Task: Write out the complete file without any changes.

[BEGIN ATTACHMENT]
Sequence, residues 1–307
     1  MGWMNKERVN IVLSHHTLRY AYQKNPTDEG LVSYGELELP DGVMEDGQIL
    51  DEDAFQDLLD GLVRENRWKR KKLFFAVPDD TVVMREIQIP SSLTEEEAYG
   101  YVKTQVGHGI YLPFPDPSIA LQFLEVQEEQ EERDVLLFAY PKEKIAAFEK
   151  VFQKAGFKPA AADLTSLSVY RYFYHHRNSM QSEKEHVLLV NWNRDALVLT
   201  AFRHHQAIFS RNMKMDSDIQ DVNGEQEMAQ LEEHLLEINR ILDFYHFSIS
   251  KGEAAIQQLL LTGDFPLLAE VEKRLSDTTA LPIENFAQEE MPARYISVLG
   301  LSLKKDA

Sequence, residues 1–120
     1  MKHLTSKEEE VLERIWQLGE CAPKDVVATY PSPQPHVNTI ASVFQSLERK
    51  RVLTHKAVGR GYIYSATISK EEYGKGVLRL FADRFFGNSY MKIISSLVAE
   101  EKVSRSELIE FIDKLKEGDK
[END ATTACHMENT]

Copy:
Sequence, residues 1–307
     1  MGWMNKERVN IVLSHHTLRY AYQKNPTDEG LVSYGELELP DGVMEDGQIL
    51  DEDAFQDLLD GLVRENRWKR KKLFFAVPDD TVVMREIQIP SSLTEEEAYG
   101  YVKTQVGHGI YLPFPDPSIA LQFLEVQEEQ EERDVLLFAY PKEKIAAFEK
   151  VFQKAGFKPA AADLTSLSVY RYFYHHRNSM QSEKEHVLLV NWNRDALVLT
   201  AFRHHQAIFS RNMKMDSDIQ DVNGEQEMAQ LEEHLLEINR ILDFYHFSIS
   251  KGEAAIQQLL LTGDFPLLAE VEKRLSDTTA LPIENFAQEE MPARYISVLG
   301  LSLKKDA

Sequence, residues 1–120
     1  MKHLTSKEEE VLERIWQLGE CAPKDVVATY PSPQPHVNTI ASVFQSLERK
    51  RVLTHKAVGR GYIYSATISK EEYGKGVLRL FADRFFGNSY MKIISSLVAE
   101  EKVSRSELIE FIDKLKEGDK